5 Top Pantry Staples You Didn't Know Were Good for You
Have you ever peered into your cupboard and felt like you’re looking at the usual suspects? What if those “boring” staples were actually superfoods? Would you look at them differently then? Turns out, a lot your pantry usuals are actually good for you. So the next time you’re not feeling well, don’t reach for the medicine cabinet, take a prescription from your pantry and sample some everyday foods that can positively impact your mental, physical, and emotional wellbeing. And as Hippocrates famously said, “Let food be thy medicine and medicine be they food.”
Even if you don’t have them in their natural form, almond milk will do. This popular tree nut is easily one of the most-saluted snacks worldwide. They are packed with vitamins and minerals, including amygdalin to regulate appetite and boost libido. In a column for Fox News, Dr. David Samadi said an ounce of almonds, which is about 25 almonds, contains twelve percent of our daily protein. They’re also one of the best sources of alpha-tocopherol, which is great news for gym junkies. This form of vitamin E helps prevent free-radical damage post-workout and reduce muscle strain, which means your body can heal faster. “Almonds can be considered ‘brain food’ . . . healthy levels of vitamin E have been shown to prevent cognitive decline, boost alertness, and preserve memory longer,” he said.
Most homes have this simple seasoning in their spice rack, but did you know the benefits to your health far outweigh its delicious flavor? Integrative nutritionist Danielle Omar of Food Confidence says it “has the added benefit of slowing down digestion, which helps keep your blood sugar from spiking after eating.” Cinnamon is also a powerful anti-inflammatory, helps to lower cholesterol, and is a great sugar substitute because it has zero calories. Omar says it adds a little bit of fiber and calcium, too. A study published in The Journal of the Academy of Nutrition and Dietetics proved it has fat-releasing powers and aids weight loss. Tara Ostrowe, R.D., M.S., of Columbia University told Reader’s Digest “cinnamon really is the new skinny food.” For some easy ideas on how to use cinnamon, check out Danielle’s no-bake energy ball recipes.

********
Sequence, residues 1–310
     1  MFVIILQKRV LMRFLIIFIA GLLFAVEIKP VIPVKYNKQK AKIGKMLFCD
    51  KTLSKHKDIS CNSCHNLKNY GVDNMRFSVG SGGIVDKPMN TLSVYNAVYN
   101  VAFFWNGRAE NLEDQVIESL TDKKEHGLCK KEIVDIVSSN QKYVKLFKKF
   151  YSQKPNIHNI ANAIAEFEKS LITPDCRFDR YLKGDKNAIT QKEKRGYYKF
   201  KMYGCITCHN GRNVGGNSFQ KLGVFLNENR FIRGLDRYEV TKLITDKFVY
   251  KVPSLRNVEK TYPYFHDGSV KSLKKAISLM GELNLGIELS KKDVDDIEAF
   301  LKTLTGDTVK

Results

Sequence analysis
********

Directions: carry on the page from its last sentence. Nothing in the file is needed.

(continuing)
For many, this standard breakfast grain conjures fond memories of hot porridge before school. But how much do you really know about this basic food? Good old-fashioned rolled oats or steel-cut styles have been found to reduce the risk of Type 2 diabetes. They’re high in zinc, which is essential for wound healing; they lower bad cholesterol; and the beta-glucans found in oats boost our immune system to defend against bacteria, viruses, fungi, and parasites. According to a 2010 study published in The British Journal of Nutrition, early introduction of oats in small children could “decrease the risk of persistent asthma.” To read more about this humble super grain, visit the Whole Grains Council.
If that’s not enough to convince you, this new research will: a study, published in the journal BMC Medicine, found that older adults who ate the most whole grains were 17% less likely to die from heart disease, cancer, and diabetes than those who consumed minimal whole grains. Start your day right tomorrow with this delicious cherry coconut oat cereal from Avocado a Day Nutrition.
For a long time, we turned away from fats thinking too much was bad for us, but new research has shown good fats are crucial to a healthy life, no matter how you eat them. Extra-virgin olive oil is one of the best you can get. Why? An article by the Mayo Clinic says it’s the monounsaturated fatty acids that help to lower the risk of heart disease and cholesterol, and it has proven to assist patients with Type 2 diabetes because it helps to control insulin and blood sugar levels. A study published in The New England Journal of Medicine backs this up and recommends a Mediterranean diet with at least four tablespoons of the golden good stuff to receive the full health benefits. Nutritionist and health expert Dr. Joanna McMillan told Mamamia that the “squalene in extra-virgin olive oil concentrates in the skin and seems to play an important role in preventing skin cancer.” Make a healthy dinner tonight with this delicious shaved Brussels sprouts, olive oil, lemon, and pecorino dish recipe.
Every kitchen cupboard should have at least one variety of dried fruit; they’re great for a quick snack or sprinkled on salad, and our kids love them, too. Their nutritional value has long been debated because of the high sugar content, but Rachael Hartley of Avocado a Day Nutrition told U.S. News & World Report they’re packed with fiber, phytonutrients, vitamins, and minerals such as potassium and magnesium. Hartley suggests soaking them in water, then pureeing them to make a sweet paste, which you can use as a natural sweetener for smoothies, salad dressings, and even in baking. We love this recipe for date caramel via Healthy Happy Life.
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Did you know these everyday staples were also superfoods? Let us know in the comments.
Opening photo: Hayburn&Co